Netflix (NASDAQ:NFLX) has truly taken investors on a wild ride in the past year. At this time last year, Netflix stock was approaching $500 for the first time. But by the end of 2014, shares had plummeted to nearly $300 after third-quarter subscriber growth fell short of expectations and Netflix projected domestic contribution margin growth would slow beginning in 2015.
As it turns out, this was a false alarm. Netflix's third-quarter performance was a fluke, and growth has accelerated again both in the U.S. and abroad, making the video streamer the best-performing stock in the S&P 500 for 2015. This culminated with Netflix's official announcement that it would implement a seven-for-one stock split this month, which briefly pushed the stock above $700 (though it has since given up some ground).
Given the stock's volatile history, investors have to be wondering whether Netflix's recent success is sustainable. What does Netflix need to do to keep the stock moving higher?
International growth: promising, but still plenty of question marks
Netflix's international expansion has attracted plenty of press coverage and investor attention lately. To some extent, this is understandable. Netflix has been rapidly adding new markets, and it surpassed 20 million international subscribers in the first quarter (up 65% year over year).
On the other hand, Netflix will continue losing money in its international markets for at least a few more years due to the rapid pace of expansion. It's not clear what the breakeven point for Netflix's international operations will be -- other than that it will be much higher than in the U.S.
Furthermore, while the U.S. economy is in fairly good shape, Netflix might have to contend with weak macroeconomic conditions in many foreign markets for the foreseeable future. The strong dollar makes matters worse by diluting the value of Netflix's non-dollar-denominated revenue.
It's also hard to know at this point how profitable international markets will be in the long run. This means there's no straightforward way to evaluate just how much the global business is worth. Netflix's strong international subscriber growth is promising, but that's about all that can be said with any degree of certainty.
It's still all about the U.S.
By contrast, two aspects of Netflix's domestic results over the next year or so could reveal much about the company's value.
First, will domestic subscriber growth slow? A year ago, Netflix claimed that increasing the price of its most popular plan by $1 per month for new subscribers had a minimal impact on subscriber additions. A few months later, Netflix executives were talking about higher prices leading to somewhat slower growth. A few months after that, Netflix instead blamed the slowdown in growth on higher saturation of the U.S. market. And by April 2015, the slowdown looked like just a blip, as growth reaccelerated.
In short, even Netflix's management doesn't have a clear understanding of where the company is on the adoption curve in the U.S. A few more quarters of data won't be decisive, but it could still bring additional clarity about Netflix's likely future subscriber growth trajectory.
Netflix has added nearly 6 million U.S. subscribers in the past year and ended the first quarter with 41.4 million domestic subscribers. Based on those numbers, it would be shocking if Netflix couldn't hit the bottom of its long-term U.S. subscriber target range of 60 million-90 million.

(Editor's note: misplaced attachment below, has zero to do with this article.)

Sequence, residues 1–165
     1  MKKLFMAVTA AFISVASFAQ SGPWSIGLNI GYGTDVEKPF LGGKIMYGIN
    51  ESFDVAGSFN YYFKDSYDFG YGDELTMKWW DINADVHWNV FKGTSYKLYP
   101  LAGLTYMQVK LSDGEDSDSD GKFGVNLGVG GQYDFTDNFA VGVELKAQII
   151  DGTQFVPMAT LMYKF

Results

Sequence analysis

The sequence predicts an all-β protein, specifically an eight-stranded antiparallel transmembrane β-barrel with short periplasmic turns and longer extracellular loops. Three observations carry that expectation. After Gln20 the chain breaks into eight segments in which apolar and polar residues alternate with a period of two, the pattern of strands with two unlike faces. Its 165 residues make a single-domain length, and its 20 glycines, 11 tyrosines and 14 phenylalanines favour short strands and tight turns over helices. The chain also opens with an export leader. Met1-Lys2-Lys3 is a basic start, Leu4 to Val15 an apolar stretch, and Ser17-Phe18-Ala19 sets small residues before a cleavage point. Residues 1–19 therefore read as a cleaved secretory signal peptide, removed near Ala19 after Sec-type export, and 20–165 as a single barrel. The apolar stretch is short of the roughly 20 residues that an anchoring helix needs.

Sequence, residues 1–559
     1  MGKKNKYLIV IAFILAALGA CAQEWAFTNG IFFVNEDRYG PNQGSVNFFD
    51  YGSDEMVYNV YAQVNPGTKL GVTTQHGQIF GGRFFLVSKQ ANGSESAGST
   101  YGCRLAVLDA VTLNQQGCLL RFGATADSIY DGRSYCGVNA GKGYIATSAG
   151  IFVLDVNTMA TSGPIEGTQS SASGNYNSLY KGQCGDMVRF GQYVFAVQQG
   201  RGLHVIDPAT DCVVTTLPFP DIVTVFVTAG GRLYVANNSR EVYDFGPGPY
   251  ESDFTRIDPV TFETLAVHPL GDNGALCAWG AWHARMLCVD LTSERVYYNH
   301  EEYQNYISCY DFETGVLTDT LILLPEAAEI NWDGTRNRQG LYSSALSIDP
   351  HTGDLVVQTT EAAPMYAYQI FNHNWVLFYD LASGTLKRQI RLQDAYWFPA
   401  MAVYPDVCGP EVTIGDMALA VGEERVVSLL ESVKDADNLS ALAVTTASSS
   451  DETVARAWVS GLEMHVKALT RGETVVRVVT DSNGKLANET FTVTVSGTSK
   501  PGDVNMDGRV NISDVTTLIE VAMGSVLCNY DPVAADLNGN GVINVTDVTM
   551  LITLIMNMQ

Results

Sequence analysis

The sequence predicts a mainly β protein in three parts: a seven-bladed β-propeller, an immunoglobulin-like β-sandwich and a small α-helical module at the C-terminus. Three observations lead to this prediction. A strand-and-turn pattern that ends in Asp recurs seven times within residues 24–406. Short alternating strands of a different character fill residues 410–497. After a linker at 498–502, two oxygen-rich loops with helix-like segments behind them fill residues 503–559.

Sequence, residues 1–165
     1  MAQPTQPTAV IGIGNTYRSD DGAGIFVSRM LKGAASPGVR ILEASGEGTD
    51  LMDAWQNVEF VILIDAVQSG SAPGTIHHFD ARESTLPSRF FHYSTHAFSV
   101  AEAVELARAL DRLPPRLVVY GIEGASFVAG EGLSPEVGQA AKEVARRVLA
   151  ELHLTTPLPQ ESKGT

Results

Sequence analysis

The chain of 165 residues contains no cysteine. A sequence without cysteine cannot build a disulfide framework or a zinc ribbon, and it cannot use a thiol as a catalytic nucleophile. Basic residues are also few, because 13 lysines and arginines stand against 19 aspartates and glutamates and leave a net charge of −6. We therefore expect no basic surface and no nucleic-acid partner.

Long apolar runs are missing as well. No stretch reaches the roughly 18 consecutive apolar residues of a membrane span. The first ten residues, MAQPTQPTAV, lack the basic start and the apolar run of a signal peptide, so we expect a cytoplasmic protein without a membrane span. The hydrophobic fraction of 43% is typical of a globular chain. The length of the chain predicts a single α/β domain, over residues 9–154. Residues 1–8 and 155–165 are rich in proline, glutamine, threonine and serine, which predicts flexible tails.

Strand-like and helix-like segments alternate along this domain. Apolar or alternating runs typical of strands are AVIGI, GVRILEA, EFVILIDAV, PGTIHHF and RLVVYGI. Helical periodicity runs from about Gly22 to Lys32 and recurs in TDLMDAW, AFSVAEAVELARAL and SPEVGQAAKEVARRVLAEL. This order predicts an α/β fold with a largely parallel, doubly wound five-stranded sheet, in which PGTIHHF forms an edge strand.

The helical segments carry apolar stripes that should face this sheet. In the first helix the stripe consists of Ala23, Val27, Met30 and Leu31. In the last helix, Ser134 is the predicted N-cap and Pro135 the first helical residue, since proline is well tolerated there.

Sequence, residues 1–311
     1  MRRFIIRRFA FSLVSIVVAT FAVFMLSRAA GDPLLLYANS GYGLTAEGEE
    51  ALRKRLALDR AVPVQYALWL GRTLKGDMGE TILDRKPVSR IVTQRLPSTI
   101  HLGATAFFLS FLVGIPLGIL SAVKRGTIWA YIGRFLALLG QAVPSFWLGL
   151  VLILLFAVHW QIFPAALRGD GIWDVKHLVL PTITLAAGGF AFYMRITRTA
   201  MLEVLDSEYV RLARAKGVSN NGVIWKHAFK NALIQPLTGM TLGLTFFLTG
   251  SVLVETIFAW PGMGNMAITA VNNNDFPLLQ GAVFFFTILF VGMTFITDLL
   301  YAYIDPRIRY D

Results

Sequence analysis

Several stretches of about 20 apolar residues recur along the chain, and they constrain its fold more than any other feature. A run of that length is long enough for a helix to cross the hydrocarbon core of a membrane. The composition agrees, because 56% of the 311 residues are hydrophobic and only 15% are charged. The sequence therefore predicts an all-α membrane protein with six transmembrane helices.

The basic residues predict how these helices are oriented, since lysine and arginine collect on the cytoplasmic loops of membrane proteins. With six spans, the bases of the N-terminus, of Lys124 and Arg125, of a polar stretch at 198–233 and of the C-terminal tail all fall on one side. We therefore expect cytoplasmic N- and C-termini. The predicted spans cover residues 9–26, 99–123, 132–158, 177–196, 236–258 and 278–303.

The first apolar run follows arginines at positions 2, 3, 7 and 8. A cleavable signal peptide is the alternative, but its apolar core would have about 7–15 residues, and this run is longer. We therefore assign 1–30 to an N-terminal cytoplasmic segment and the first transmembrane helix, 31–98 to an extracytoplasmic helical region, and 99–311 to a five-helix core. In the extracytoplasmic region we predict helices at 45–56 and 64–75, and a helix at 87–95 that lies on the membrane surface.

Reaching the top of the range will be much tougher. Netflix's success in the next year will say a lot about whether it can get there, despite competition in the streaming-video space heating up.
Second, can Netflix maintain its recent track record of strong margin expansion in the U.S.? Late last year, management told investors to expect its domestic streaming contribution margin to rise by 200 basis points per year going forward.
Yet in April, Netflix reported that its domestic contribution margin had jumped by a stunning 370 basis points just in the first quarter. Netflix has publicly adhered to its standing guidance that the domestic contribution margin will reach 40% by 2020. If that starts to look overly conservative, it could mean Netflix's long-term earnings power will be even higher than bulls currently expect.
Any more surprises?
Netflix has delivered plenty of surprises to investors in the past few years: some good and some bad. Today, investors expect so much from the company that there is probably a bigger risk of Netflix missing expectations than blowing them away.
More specifically, a sharp slowdown in domestic subscriber growth -- such as what occurred in the second half of 2014 -- could cause Netflix stock to fall hard. Netflix probably needs to reach the upper half of its long-term domestic subscriber target range to justify its current valuation; another growth slowdown would cast doubt on its ability to get there.
Additionally, Netflix has a large amount of expensive content in the pipeline, so slower subscriber growth could put a quick halt to its strong margin expansion trend, reducing profit growth.
Netflix investors have to hope they don't get any surprises like this. Even strong international subscriber growth would be unlikely to make up for any problems in the domestic market.
Check back next week for a more detailed analysis of what investors should look for when Netflix reports its second-quarter earnings later this month.
Adam Levine-Weinberg has no position in any stocks mentioned. The Motley Fool recommends Netflix. The Motley Fool owns shares of Netflix. Try any of our Foolish newsletter services free for 30 days. We Fools may not all hold the same opinions, but we all believe that considering a diverse range of insights makes us better investors. The Motley Fool has a disclosure policy.